President Donald Trump’s chilling campaign to politicize the Justice Department ran into a rebuke Tuesday as a federal judge broadly rejected the government’s attempt to block AT&T’s $85.4 billion acquisition of Time Warner. Appearing to pander to the president’s hostility to much of the news media, the department’s antitrust division embraced a radical legal strategy that backfired, depriving every American of the oversight that such a far-reaching merger required.
Tuesday’s ruling will probably unleash a new wave of deal-making on Wall Street, in Hollywood and in Silicon Valley. As the media, telecommunications and technology industries continue to reshape themselves and the lives of billions of people around the world, the consistent and fair application of American competition policy remains essential to foster innovation and the interests of consumers. One can only hope that in the wake of Tuesday’s defeat, federal authorities return to the principles that helped the United States become the world’s engine of creative invention.
Trump’s antagonism toward the news media — particularly CNN, one of Time Warner’s crown jewels — is one of the defining aspects of his political identity. Hours before AT&T and Time Warner announced their deal in October 2016, then-candidate Trump vowed that his administration would block it.
And yet once the Justice Department actually sued AT&T last November to stop the merger, the administration insisted the president had nothing to do with it. The official line was that the White House had no contact with the department’s antitrust division about the deal and did not influence its decision to sue.
Leave it to Rudy Giuliani, the president’s personal lawyer, to baldly contradict the White House’s story and reveal the truth. “The president denied the merger,” Giuliani told HuffPost. “They didn’t get the result they wanted.”
Giuliani eventually attempted to walk back his statement (without actually retracting it), but the damage had been done. The prospect that the administration has been using antitrust law to punish the president’s opponents while rewarding those he views as friends is alarming.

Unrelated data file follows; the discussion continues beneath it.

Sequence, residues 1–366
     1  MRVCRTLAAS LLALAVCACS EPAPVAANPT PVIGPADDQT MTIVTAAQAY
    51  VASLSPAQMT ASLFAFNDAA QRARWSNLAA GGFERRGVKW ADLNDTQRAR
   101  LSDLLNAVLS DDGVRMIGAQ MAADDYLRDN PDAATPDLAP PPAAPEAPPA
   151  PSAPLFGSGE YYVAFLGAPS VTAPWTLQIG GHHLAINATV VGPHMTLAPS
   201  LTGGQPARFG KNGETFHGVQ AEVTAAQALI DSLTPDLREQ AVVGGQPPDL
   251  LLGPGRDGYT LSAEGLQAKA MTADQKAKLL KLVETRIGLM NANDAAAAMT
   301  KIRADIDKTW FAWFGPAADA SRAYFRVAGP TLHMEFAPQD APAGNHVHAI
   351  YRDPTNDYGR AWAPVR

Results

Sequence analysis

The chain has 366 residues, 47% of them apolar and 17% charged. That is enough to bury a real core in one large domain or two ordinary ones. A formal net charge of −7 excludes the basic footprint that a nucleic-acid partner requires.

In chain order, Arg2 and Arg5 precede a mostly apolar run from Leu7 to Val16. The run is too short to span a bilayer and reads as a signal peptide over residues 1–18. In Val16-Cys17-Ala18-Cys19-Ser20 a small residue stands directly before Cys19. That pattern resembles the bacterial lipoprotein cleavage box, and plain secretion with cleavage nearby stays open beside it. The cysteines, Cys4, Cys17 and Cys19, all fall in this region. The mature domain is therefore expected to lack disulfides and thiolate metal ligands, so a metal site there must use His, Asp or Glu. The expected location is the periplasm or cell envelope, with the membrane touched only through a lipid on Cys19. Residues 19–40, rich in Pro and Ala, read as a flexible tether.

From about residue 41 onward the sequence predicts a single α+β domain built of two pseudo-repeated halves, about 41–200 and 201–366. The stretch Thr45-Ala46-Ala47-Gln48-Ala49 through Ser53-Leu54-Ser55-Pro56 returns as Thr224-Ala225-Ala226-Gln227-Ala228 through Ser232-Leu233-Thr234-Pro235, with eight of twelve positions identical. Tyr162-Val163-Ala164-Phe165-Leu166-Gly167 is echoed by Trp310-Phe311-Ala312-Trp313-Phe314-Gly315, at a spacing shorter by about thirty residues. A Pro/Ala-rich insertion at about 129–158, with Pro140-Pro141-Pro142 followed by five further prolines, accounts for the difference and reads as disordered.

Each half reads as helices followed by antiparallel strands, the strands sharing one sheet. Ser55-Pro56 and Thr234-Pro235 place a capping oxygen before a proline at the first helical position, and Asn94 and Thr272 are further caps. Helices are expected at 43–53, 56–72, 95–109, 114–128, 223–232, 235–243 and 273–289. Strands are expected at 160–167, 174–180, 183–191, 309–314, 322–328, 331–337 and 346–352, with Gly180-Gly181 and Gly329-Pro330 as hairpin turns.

The AT&T-Time Warner merger has certainly required close scrutiny. Through its cable and satellite DirecTV operations, AT&T is the nation’s No. 1 pay-television provider, with more than 25 million subscribers. (Comcast is second, with about 23 million cable customers.) AT&T is also the No. 2 wireless carrier, behind Verizon. Time Warner, meanwhile, controls some of the most popular television networks, including HBO, TBS and TNT, in addition to CNN. The prime concern is that a combined AT&T-Time Warner could jack up the rates it charges other TV distributors for content, increasing prices for consumers.
In antitrust lingo, this deal represents a classic example of vertical integration: The companies have a “vertical” relationship where one company — Time Warner’s networks and studios — supplies the other — AT&T’s distribution operations. However, the two companies’ main businesses do not compete with each other and so a merger would not reduce the number of competitors in any particular market.
By contrast, deals like T-Mobile’s $26.5 billion agreement to acquire Sprint announced in April are known as horizontal mergers. The two companies are direct competitors in the wireless phone market and their combination would reduce the number of primary national wireless carriers from four to three.